I was reading a 1954 reprint of the book.   The endpapers show the supposed setting for the dinners.

Van loons lives

It was brought back to my mind when I started reading Julian Barnes’ “Levels of Life”.  As he started telling me about the early experiments with ballooning I found myself thinking I like this bloke.  I’d like to be at a dinner party where he is a guest. And hence Van Loon’s Lives !

I picked this book to read as I had so enjoyed his “Sense of an Ending”.  I get such a feeling of calm from his writings.

Levels of Life

But it’s an unusual book. Of just 118 pages I could call it a pot-pourri.  It starts off with stories of the early experiments with ballooning, the early adventurers escaping from the pull of the earth and an 1858 attempt at aerial photography.  We also learn a lot about the actress Sarah Bernhardt which you possibly hadn’t heard before, and then it moves on to his grief at the death of his beloved wife, Pat Kavanagh. For someone who normally lives a very private life, he is very revealing about his loss and its effect on his life.

At one stage his attitude to Death is “ It’s just the Universe doing its stuff.”  I like that.  It stacks up well against the usual condolences which are proffered. .  The Universe doing its stuff.  When we disintegrate do we break down into atoms or something smaller like an electron or a proton ?  I can visualize all my little bits and pieces floating around the Universe and hopefully one day in the distant future one of them will be re-cycled and become a part of a brilliant scientist or artist, writer or singer, pianist or doctor, someone who contributes strongly to their community.  Note that I didn’t include a Member of Parliament!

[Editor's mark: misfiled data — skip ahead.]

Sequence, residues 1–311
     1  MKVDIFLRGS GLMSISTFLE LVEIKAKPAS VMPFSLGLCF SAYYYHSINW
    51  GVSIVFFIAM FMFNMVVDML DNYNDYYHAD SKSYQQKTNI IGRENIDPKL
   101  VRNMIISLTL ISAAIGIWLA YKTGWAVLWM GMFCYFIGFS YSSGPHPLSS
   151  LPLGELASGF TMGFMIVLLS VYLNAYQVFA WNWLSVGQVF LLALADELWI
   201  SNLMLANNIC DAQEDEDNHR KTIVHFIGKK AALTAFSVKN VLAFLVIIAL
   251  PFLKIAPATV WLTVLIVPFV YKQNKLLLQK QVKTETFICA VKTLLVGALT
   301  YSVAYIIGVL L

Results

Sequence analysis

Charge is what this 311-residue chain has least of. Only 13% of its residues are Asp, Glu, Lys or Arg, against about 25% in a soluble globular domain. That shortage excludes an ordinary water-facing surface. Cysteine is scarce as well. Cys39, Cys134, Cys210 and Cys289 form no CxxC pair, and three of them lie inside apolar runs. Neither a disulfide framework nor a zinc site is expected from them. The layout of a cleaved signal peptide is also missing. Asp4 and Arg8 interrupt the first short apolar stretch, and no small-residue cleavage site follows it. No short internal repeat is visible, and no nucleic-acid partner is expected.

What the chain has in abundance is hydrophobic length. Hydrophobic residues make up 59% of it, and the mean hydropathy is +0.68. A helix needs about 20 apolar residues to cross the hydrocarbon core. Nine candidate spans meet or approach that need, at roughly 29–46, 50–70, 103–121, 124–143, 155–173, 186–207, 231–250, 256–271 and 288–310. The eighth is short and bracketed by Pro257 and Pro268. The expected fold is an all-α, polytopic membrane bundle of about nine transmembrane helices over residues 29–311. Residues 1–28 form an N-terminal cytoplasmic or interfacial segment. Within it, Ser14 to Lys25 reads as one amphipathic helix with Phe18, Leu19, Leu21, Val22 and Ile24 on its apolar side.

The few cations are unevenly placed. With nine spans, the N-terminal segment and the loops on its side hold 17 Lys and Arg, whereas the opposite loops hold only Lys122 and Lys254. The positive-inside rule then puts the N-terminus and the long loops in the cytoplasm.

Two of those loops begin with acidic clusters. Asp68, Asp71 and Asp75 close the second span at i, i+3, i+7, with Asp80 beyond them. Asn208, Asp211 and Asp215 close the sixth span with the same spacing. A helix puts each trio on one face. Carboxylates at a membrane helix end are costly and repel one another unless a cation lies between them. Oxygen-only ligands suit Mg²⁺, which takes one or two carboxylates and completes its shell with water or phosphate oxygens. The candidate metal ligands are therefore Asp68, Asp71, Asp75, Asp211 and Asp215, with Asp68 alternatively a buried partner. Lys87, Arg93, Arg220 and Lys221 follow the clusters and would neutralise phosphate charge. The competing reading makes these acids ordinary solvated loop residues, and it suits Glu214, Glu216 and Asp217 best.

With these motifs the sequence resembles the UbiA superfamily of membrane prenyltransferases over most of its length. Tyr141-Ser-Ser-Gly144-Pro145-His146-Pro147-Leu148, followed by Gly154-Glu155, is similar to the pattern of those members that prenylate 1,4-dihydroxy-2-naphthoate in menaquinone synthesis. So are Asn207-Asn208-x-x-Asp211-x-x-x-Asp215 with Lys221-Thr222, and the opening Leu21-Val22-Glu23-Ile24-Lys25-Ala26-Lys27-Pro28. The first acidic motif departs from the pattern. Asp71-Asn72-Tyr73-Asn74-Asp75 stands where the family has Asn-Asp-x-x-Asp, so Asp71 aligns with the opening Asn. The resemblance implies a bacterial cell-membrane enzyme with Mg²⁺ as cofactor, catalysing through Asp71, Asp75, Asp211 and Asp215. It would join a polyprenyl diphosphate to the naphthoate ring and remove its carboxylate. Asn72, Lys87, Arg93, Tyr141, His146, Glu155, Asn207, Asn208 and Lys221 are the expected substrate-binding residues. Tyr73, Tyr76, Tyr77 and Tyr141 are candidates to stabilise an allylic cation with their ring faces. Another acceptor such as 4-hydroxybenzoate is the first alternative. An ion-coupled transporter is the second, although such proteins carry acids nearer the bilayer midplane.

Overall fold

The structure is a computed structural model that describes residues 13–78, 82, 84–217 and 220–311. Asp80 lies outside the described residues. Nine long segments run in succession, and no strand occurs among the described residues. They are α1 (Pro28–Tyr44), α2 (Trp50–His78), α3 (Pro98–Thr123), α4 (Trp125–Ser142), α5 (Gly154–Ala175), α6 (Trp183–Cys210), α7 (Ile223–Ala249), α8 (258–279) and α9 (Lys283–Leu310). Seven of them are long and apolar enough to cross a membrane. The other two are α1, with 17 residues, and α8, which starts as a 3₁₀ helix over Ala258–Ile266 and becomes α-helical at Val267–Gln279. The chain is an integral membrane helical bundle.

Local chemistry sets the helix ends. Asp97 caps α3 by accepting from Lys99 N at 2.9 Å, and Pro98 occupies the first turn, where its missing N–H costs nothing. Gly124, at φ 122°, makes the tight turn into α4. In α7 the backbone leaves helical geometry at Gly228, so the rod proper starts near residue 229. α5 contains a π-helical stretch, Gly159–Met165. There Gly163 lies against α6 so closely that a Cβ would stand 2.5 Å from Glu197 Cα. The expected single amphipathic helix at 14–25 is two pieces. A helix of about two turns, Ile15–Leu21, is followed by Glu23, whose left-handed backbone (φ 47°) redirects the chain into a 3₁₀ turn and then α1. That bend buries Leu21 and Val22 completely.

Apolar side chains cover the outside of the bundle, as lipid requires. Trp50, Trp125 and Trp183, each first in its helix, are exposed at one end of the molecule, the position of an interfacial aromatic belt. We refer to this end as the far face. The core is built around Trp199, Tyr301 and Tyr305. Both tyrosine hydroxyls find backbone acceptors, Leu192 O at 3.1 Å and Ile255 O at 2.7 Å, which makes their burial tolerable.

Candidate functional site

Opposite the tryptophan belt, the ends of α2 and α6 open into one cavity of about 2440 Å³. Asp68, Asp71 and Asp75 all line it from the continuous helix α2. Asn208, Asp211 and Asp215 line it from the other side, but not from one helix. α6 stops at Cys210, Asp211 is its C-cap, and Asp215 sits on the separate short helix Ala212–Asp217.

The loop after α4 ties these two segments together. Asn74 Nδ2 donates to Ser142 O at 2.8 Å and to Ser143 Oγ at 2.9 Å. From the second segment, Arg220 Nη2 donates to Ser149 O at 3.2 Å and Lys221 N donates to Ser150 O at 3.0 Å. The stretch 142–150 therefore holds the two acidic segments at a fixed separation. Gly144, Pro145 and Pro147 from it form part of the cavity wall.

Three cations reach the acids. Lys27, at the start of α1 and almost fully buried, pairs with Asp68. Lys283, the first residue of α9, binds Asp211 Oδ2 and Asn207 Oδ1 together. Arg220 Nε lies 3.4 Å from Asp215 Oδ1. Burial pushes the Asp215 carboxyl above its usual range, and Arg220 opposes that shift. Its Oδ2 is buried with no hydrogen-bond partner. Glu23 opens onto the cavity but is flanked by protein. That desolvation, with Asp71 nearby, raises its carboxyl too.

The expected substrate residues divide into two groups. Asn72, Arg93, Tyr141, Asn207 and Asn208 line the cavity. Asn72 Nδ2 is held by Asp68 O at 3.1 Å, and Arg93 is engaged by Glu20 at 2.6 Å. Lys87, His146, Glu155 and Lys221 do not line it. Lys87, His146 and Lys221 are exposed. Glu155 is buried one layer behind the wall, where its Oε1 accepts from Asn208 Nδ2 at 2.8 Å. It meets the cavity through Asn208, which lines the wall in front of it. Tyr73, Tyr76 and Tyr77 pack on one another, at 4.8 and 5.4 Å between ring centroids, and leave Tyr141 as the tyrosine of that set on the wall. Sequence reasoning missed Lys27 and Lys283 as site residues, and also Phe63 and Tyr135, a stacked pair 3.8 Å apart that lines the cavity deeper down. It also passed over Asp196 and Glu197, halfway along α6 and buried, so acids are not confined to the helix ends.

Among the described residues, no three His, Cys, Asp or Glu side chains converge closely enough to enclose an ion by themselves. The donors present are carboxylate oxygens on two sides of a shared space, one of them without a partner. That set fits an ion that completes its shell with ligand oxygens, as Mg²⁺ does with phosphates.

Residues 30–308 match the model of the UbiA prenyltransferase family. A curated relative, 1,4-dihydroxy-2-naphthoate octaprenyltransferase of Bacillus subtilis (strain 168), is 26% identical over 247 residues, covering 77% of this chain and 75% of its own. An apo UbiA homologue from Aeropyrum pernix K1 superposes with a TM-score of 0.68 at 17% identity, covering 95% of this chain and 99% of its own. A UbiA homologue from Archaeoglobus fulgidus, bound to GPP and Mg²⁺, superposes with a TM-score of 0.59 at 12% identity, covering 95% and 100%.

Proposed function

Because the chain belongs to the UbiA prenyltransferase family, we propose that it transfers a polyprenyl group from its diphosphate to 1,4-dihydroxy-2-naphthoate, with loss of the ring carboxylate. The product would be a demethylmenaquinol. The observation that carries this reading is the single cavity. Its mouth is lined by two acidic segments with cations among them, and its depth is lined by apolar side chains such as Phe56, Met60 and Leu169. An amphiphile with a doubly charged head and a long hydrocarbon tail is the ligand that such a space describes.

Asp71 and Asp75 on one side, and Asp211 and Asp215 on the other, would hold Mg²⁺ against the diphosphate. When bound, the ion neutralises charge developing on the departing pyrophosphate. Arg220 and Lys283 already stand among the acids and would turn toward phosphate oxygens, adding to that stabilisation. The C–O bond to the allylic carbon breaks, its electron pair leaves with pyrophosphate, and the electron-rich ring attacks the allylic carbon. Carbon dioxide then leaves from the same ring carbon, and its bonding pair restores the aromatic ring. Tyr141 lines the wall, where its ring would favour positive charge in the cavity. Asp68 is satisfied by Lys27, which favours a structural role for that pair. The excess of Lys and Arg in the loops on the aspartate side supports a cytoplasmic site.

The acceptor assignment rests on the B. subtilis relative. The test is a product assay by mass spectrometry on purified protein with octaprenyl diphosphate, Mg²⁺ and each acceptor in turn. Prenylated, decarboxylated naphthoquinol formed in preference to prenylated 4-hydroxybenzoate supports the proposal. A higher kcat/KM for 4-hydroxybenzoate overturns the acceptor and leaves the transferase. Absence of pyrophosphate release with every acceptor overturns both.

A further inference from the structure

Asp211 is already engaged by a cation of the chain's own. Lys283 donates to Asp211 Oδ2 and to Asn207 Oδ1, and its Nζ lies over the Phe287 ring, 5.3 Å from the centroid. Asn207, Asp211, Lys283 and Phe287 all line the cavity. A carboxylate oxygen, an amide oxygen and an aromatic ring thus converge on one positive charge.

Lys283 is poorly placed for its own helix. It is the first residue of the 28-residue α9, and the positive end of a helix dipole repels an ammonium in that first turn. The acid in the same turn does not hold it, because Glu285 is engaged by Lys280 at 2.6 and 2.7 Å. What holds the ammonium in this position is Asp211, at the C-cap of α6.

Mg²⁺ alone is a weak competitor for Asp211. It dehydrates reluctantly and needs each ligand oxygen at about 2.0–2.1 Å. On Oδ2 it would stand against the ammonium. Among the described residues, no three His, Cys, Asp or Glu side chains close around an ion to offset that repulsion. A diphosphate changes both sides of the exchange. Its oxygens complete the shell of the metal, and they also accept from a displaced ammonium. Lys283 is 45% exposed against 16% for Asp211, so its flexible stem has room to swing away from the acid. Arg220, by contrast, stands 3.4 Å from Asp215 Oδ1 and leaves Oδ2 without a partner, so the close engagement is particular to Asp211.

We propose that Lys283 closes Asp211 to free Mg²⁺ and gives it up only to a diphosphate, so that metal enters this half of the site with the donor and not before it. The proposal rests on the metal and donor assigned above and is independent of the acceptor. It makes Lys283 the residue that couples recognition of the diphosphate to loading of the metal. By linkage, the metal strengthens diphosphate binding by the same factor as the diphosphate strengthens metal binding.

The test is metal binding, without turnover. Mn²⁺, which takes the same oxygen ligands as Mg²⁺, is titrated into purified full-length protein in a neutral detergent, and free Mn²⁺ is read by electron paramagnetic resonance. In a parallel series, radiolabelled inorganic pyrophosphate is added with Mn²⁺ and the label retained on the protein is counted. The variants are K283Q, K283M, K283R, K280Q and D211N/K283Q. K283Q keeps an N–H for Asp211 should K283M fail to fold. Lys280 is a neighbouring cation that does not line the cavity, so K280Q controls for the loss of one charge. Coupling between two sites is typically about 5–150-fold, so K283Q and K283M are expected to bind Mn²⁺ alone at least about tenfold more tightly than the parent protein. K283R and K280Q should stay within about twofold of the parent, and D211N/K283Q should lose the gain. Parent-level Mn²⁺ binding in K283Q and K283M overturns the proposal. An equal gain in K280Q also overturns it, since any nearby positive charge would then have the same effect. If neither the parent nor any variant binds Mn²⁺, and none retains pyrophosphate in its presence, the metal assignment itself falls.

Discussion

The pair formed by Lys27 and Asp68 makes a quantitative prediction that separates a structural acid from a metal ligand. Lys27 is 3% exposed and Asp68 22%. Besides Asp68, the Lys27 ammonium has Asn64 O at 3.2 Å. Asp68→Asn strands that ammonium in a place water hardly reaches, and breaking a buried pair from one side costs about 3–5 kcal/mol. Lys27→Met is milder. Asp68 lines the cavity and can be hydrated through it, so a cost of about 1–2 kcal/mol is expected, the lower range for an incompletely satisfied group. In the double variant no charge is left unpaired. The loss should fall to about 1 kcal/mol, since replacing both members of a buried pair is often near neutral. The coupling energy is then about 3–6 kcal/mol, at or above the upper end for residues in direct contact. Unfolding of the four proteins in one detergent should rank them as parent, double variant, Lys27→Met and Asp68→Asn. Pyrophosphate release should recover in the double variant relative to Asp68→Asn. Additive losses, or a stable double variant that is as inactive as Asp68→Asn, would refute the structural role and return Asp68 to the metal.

He appears to have no dependants, no going out each day to a regular job- is he alone too much with his grief ?  Would he have coped differently with  a fixed income and three children at school  That word LOVE needs a lot of consideration.  I felt there was so much dependency there,  Where is the borderline between Love and Dependency ?